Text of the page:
Capitals Brent Johnson Ready For New Start As A Buckeye In The Big 10

Until most recently the Washington Capitals didn’t typically draft college players. However, over the last three years there has been a discernable shift. In the 2022-23 NCAA season, the Capitals had six prospects playing collegiate hockey: Ryan Chesley (Minnesota), David Gucciardi (Michigan State), Chase Clark (Quinnipiac), Mitchell Gibson (Harvard), Joaquim Lemay (Nebraska-Omaha) and Brent Johnson (North Dakota). 

Johnson, Washington’s third round pick in 2021, decided to move on from the Fighting Hawks after playing in just 13 games and registering six points (one goal, five assists) last season. In his rookie year, he played in 23 games and had three points (two goals, one assist).

Knowing that he was likely going to have the same role as a depth blueliner at North Dakota, the Texas native saw an opportunity at Ohio State to take on a bigger role.

“They’ve been a great program for many years. And I think I just needed a new start somewhere and they had a lot of opportunities,” Johnson said. “The facilities are great, the coaching staff is great, and it was kind of hard to turn that down.”

The Buckeyes had tremendous turnover during the offseason, losing their top two rear guards in Mason Lohrei and Cole McWard to pro deals, and losing three additional defensemen to the transfer portal.

Furthermore, star goaltender Jakub Dobeš signed a pro deal with the Montreal Canadiens after guarding the Buckeye crease for the last two seasons.

Along with having numerous opportunities to have an increased role, another reason why Johnson chose to become a Buckeye was the familiarity between him and coach Steve Rholik.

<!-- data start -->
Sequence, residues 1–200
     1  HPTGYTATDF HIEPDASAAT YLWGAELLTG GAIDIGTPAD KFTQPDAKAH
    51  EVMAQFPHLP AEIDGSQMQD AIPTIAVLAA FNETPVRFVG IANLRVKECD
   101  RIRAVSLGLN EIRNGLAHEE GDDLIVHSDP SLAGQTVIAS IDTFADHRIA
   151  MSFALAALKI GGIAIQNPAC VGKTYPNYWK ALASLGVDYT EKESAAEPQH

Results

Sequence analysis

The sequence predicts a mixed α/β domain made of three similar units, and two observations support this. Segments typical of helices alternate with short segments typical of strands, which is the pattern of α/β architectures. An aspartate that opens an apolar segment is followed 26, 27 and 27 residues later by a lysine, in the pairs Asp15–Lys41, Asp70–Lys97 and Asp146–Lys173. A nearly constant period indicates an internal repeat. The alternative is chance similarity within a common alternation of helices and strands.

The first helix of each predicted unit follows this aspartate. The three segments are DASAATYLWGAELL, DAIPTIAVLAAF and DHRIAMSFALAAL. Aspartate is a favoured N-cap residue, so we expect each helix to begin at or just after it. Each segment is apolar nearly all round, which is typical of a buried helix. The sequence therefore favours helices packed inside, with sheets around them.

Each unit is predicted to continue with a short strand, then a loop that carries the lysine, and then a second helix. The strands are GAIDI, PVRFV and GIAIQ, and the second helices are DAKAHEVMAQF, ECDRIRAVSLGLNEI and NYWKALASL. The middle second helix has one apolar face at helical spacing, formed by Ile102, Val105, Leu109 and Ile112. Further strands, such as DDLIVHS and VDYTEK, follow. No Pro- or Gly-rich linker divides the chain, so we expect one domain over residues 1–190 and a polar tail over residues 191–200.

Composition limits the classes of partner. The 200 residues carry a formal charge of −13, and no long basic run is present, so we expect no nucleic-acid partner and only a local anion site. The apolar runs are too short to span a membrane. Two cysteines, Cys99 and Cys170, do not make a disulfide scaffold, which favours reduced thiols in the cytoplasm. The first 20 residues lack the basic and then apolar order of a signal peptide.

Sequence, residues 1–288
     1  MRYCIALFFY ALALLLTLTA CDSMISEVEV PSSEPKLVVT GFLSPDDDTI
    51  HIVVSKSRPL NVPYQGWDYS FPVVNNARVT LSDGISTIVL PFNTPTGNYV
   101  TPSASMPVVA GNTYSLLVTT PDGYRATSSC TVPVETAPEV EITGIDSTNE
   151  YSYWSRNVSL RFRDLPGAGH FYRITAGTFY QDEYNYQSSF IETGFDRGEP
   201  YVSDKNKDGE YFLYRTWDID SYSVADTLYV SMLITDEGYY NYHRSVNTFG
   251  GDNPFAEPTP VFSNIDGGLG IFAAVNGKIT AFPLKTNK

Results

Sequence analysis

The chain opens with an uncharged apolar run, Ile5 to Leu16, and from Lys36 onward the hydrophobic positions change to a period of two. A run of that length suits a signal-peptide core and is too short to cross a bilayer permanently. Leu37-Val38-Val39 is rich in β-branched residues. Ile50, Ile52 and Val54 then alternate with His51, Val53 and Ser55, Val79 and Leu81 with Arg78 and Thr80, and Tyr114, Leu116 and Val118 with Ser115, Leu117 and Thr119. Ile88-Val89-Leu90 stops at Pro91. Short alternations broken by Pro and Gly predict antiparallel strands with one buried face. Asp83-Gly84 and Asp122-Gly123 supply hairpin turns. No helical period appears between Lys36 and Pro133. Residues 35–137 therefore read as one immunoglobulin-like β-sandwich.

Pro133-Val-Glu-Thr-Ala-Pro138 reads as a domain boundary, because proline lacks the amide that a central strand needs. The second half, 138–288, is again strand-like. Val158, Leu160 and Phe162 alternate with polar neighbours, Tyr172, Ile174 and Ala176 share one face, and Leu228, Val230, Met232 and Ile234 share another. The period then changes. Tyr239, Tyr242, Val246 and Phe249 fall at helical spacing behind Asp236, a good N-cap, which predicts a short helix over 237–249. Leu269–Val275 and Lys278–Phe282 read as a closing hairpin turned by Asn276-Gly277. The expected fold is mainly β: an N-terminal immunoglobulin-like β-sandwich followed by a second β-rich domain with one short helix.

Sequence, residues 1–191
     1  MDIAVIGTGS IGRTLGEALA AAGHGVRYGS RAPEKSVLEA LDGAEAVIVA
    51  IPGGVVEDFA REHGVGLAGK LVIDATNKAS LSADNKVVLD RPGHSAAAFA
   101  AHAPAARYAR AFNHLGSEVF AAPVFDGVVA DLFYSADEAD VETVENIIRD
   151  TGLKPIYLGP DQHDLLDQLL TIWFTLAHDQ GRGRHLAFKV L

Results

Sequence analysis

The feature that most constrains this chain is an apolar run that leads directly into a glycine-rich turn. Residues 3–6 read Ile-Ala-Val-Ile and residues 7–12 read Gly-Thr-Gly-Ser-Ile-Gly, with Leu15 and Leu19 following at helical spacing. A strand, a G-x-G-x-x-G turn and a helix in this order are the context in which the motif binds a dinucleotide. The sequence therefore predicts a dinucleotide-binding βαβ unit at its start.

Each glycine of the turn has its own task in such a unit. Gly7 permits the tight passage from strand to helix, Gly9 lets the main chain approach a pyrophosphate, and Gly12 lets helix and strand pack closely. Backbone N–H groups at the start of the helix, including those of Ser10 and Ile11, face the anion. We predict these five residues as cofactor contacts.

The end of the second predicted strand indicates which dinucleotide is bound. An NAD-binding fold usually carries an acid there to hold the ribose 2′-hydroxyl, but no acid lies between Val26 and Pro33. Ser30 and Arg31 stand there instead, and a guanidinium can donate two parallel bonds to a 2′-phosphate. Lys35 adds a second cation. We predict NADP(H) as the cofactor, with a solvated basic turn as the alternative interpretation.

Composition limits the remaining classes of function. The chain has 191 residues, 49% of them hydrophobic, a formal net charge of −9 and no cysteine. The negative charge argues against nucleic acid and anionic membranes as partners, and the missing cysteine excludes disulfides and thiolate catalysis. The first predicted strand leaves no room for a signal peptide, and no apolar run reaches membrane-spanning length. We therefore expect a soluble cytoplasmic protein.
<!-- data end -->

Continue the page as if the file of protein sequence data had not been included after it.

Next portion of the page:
“He’s seen me growing up ever since I was 16-years-old,” Johnson said. “He was familiar with my game, so he knew what I brought to the table and he knows what I can bring to their team.”

It was difficult for the 20-year-old to be the seventh defensemen for the Fighting Hawks last season after a respectable rookie campaign.

“We had a really good team last year, a lot of older defensemen. So, as a younger guy, it’s hard to crack the lineup and it was one of those things where I just had to go to work every day and keep focusing on getting better,” Johnson said.

Coming into the Capitals development camp, Johnson wants to become a more confident and more comfortable player. He describes himself as an offensive defenseman that is strong on the power play. 

If Johnson come out of camp as a more complete player, expect him to play big minutes for the Buckeyes this season.

By Jacob Cheris

About Jon Sorensen

Jon has been a Caps fan since day one, attending his first game at the Capital Centre in 1974. His interest in the Caps has grown over the decades and included time as a season ticket holder. He has been a journalist covering the team for 10+ years, primarily focusing on analysis, analytics and prospect development.
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